With more people working from home now than at any other time in recent history, cybersecurity threats are increasing.
Cybersecurity is a human problem: the person at the screen or keyboard is always the weakest point in any technical system. Attackers will use a set of techniques — broadly described as social engineering — to trick us into divulging sensitive information.
Microsoft’s cloud services reported a 775 per cent increase in demand across their platforms when strict social isolation measures were put in place.
This situation also presents opportunities for cybercriminals. Attackers have real opportunities to take advantage of the changes in our habits as we transition to working remotely, but there are several best practices that will mitigate the increased risks. The Electronic Frontier Foundation has published some useful guidelines for working remotely.
Security habits do’s list
- Rather than sending files over email, use a shared file system set up by your employer, such as DropBox, Box or OneDrive. If you have any questions about a file or a link, check with a co-worker or your IT security department.
- Avoid opening attachments from e-mail or messaging services. Some of these are known to have experienced security breaches: for example, WhatsApp, Messenger or iMessage.
- Your contact information may be easily available online and the speed of instant messaging communications allows for rapid, unintended clicks to compromise your system, often by uploading malware. Do, slow down the pace of communications to ensure that the people we communicate with are authentic. Be cautious and reflect on the legitimacy of all your communications.
Protecting health-care organizations
Ransomware has been an increasing problem before COVID-19 and the current emergency will only exacerbate the situation.
Hospitals and other critical infrastructure are at risk of being targeted during the peak of the crisis, where government and public health officials will be exhausted by constant communications. For example, a phishing campaign directed against hospital or public health officials promising personal protective equipment has the potential to cripple some portion of the digital infrastructure that supports our health-care system.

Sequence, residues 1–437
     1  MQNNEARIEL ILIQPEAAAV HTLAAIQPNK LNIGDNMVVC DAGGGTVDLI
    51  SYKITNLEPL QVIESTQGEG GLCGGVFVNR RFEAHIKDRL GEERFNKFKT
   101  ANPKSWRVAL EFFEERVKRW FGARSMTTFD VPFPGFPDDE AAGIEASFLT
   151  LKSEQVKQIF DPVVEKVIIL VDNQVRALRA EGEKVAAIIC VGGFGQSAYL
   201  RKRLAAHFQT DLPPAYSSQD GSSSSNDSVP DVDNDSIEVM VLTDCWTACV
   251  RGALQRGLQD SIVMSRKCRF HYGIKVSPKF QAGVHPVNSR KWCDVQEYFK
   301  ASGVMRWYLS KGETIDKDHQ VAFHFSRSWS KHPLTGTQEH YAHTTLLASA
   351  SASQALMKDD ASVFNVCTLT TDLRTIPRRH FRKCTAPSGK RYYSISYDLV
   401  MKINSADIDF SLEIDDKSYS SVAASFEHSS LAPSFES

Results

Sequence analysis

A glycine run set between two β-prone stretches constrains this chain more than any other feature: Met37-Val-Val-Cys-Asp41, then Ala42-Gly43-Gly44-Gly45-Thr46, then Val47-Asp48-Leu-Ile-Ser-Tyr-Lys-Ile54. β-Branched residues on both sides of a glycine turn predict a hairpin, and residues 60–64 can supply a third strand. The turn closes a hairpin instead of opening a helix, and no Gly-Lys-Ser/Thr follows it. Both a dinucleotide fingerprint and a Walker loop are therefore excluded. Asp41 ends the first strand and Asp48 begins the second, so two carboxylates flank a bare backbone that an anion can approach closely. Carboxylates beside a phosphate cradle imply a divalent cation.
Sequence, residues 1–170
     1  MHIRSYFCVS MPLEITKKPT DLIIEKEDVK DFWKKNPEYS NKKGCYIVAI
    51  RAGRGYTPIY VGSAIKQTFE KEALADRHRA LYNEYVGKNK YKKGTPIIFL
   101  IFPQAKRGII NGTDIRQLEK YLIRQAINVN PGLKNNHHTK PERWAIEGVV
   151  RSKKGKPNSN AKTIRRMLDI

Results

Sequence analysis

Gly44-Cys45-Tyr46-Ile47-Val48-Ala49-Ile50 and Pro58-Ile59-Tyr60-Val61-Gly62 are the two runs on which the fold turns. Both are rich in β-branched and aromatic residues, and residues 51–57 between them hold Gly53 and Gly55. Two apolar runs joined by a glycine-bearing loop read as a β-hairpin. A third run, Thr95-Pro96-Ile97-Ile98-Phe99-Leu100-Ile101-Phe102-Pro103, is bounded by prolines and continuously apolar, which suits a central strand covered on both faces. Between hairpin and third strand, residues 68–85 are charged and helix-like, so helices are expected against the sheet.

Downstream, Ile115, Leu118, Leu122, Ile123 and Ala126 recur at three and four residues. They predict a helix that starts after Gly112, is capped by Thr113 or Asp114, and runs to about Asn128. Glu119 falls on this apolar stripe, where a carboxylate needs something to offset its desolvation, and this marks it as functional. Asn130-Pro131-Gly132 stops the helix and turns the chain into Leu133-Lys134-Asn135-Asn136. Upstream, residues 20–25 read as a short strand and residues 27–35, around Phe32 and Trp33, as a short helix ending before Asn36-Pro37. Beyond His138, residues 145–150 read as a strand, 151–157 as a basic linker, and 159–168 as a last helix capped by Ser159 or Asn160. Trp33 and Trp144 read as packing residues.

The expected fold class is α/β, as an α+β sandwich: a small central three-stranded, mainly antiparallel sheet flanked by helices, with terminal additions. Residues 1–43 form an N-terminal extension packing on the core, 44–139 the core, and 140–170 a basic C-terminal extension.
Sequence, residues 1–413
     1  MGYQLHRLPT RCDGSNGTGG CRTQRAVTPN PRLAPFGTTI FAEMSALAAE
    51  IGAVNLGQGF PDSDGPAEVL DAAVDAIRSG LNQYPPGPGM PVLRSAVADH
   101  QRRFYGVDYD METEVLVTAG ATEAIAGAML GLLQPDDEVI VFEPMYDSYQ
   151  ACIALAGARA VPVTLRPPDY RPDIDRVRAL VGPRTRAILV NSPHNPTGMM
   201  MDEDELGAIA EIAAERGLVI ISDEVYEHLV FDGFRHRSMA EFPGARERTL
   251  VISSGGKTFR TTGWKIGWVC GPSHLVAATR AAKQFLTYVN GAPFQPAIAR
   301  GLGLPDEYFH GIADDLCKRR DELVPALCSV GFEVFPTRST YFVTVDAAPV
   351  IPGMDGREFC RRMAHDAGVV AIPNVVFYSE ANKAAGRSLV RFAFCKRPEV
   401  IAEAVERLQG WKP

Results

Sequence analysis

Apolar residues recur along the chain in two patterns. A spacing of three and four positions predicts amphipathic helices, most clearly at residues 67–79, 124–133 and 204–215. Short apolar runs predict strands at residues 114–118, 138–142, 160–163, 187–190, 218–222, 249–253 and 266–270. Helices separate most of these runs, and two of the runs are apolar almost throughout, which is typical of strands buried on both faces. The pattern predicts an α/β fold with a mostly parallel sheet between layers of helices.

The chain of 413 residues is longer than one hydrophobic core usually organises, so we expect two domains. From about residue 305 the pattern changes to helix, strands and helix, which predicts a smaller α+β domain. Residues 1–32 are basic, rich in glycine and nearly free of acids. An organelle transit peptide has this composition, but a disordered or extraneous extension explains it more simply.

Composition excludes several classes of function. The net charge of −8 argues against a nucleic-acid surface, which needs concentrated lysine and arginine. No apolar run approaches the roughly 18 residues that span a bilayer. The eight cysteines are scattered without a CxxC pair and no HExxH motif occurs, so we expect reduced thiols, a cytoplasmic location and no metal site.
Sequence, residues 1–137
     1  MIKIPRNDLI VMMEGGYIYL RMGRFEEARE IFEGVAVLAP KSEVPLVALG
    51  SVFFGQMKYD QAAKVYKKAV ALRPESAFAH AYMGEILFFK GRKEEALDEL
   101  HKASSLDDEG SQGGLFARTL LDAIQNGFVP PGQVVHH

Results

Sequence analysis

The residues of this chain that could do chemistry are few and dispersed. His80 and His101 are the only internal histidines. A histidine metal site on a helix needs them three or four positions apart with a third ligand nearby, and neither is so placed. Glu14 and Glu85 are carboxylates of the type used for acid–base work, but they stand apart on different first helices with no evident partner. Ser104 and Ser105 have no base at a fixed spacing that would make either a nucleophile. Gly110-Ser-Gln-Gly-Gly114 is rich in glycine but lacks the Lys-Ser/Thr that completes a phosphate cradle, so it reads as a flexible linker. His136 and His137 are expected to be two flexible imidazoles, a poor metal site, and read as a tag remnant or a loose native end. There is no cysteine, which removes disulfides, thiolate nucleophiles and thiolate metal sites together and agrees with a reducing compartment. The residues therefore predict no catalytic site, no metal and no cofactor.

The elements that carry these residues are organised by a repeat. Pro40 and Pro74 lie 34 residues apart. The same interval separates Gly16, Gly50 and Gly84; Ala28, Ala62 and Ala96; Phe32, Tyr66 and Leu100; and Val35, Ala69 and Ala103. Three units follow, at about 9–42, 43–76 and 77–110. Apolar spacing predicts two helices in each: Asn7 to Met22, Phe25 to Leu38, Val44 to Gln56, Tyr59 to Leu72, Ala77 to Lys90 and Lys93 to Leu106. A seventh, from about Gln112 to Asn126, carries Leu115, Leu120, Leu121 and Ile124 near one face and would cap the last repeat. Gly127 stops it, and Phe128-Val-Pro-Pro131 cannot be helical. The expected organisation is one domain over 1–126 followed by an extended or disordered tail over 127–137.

Should a ransomware attack happen in such a situation, it would be logical for an administrator to simply pay a ransom and continue saving lives, which would only encourage future attacks.
Before accepting anything, check, check and check again!!
We must be vigilant not to spread COVID-19, and we also need vigilance in protecting our digital infrastructure. All institutions, including hospitals and public health organizations, should have recent back-ups that would allow them to rapidly restore services in the event of a ransomware attack.
COVID-19 represents an opportunity to build better digital infrastructure that includes multiple points of authentication, such as two-factor authentication through text message or by mobile app, by default. This more resilient digital infrastructure should also include systems that do not trust each other, so attackers are unable to move horizontally through organizational infrastructure.
We must be ready to have a public conversation about the legal, technical and personal dimensions of the cybersecurity threats we will face during the COVID-19 pandemic, but we must first be equipped with the questions and issues that emerge from working online in the coming years.
Don’t keep this to yourself, send it to a friend 🙂